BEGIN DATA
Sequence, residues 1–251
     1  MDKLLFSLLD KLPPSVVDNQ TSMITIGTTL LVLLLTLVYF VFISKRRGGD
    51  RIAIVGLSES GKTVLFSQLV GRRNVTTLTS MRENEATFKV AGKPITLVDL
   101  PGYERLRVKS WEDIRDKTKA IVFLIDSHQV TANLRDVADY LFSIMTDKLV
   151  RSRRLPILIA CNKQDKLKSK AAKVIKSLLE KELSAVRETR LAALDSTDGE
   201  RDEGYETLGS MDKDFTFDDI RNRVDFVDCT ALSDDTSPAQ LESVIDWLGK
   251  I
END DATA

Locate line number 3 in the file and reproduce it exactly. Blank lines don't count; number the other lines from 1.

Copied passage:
    51  RIAIVGLSES GKTVLFSQLV GRRNVTTLTS MRENEATFKV AGKPITLVDL